Not Released. This research project and documentary is still in progress and rather than bring the same fate to our eagles as what's been delivered to me, I won't be releasing this until a future date.
Though I'm harassed, continually, while recording my findings. In short: having letters cut off my truck, Just the O cut into a "U" and the I; someone entering my truck turning on all the lights trying so my truck battery would be dead in a remote area? I guess the three lug nuts all fell off together, the license plate stolen, razor blades in my tire -- but that isn't suspicious, nope. That makes me paranoid. Spikes put on my trail so they punctured my boots and went into my feet. Field cameras stolen out of a cave, tampered with, images deleted, THEN, four yeas later "someone" finds another camera (the previous fall) . . . and calls my number. That number WAS NOT included in the camera and no one would know it was me. How would they know that number, was it by chance? My trucks were tampered with, bullet shells set out as 'threats' at my stops, gun shots going off around me in no-hunting areas and off-season, men lurking around my truck at dusk: all while law enforcement looked and looks the other way to poachers, thieves, suspicious activity... I will continue my research on this project, which remains in progress.
I believe Jesus sees all of this and He will bring this to your attention. The right law enforcement will find this. FBI wildlife crimes: Maybe you would like to spend a day with me, I could show you things the county can't see. Like the burned out tree with the dead song birds and the basket ball hoop attached in the back sloughs. I don't think Sam Gribley lived there. One of your Federal Agents warned me about the poachers setting a trap up for me and too be careful. Another, a profiler told me more, and your ex-FBI swat told me to go read War & Peace, they are trying to tell me they are in my camp. And more, but who cares right?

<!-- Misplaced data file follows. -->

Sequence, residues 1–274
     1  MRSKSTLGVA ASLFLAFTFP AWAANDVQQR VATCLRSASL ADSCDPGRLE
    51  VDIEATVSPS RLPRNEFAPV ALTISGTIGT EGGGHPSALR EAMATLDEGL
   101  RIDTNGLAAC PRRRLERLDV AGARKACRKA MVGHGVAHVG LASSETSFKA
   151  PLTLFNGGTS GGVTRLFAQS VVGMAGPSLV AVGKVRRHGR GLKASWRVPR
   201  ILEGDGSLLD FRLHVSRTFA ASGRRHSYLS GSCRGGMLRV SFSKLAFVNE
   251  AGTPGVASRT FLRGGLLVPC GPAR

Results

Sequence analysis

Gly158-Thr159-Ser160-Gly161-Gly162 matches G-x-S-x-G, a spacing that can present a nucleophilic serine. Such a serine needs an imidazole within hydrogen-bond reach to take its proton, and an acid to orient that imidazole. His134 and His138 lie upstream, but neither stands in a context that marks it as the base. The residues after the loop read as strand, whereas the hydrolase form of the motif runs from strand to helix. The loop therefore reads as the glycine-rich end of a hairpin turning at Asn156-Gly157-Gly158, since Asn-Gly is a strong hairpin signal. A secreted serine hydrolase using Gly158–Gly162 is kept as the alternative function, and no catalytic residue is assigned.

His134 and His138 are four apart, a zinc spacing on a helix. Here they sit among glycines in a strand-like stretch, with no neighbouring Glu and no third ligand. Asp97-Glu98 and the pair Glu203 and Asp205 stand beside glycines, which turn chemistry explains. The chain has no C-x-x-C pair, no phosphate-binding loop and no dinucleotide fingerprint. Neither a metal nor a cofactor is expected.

Maybe you should have asked, then, why the dead eaglet was not collected and sent to you. Maybe someone should have investigated to find out who jumped from a nearby tree.I did. I was told it was a turkey hunter and the eaglet, well, he was "green". I have spent 13 years looking for answers because I promised that dead eaglet I would. Where were you? Those eagles needed you. The dead wolves needed you. The poached animals needed you. Animals don't skin themselves, and pile themselves in plastic bags with kids toys and household items, and don't throw themselves over a ravine. Of course, that was only one location. The pigs feet attracted the black bear. There were witnesses who also wondered who shot Hapless Harry, the Muscovy Duck, another of my documentaries. I found his body tossed in the grasses, maybe by whoever shot him? Unless, like the deer, he while he was dead -- somehow threw himself into the grasses? That isn't possible, in case, like the other officers who looked the other way you don't understand.These are wildlife crimes. It doesn't make me wrong to investigate what is told to me, what I see. Do you really think I'm the only one with these concerns?